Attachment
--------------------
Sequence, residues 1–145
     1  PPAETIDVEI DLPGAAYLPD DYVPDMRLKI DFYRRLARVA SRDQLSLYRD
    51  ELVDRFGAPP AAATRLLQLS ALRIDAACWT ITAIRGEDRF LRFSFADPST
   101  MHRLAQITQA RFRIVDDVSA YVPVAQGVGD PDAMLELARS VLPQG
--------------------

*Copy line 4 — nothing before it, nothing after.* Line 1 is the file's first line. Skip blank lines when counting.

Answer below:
   101  MHRLAQITQA RFRIVDDVSA YVPVAQGVGD PDAMLELARS VLPQG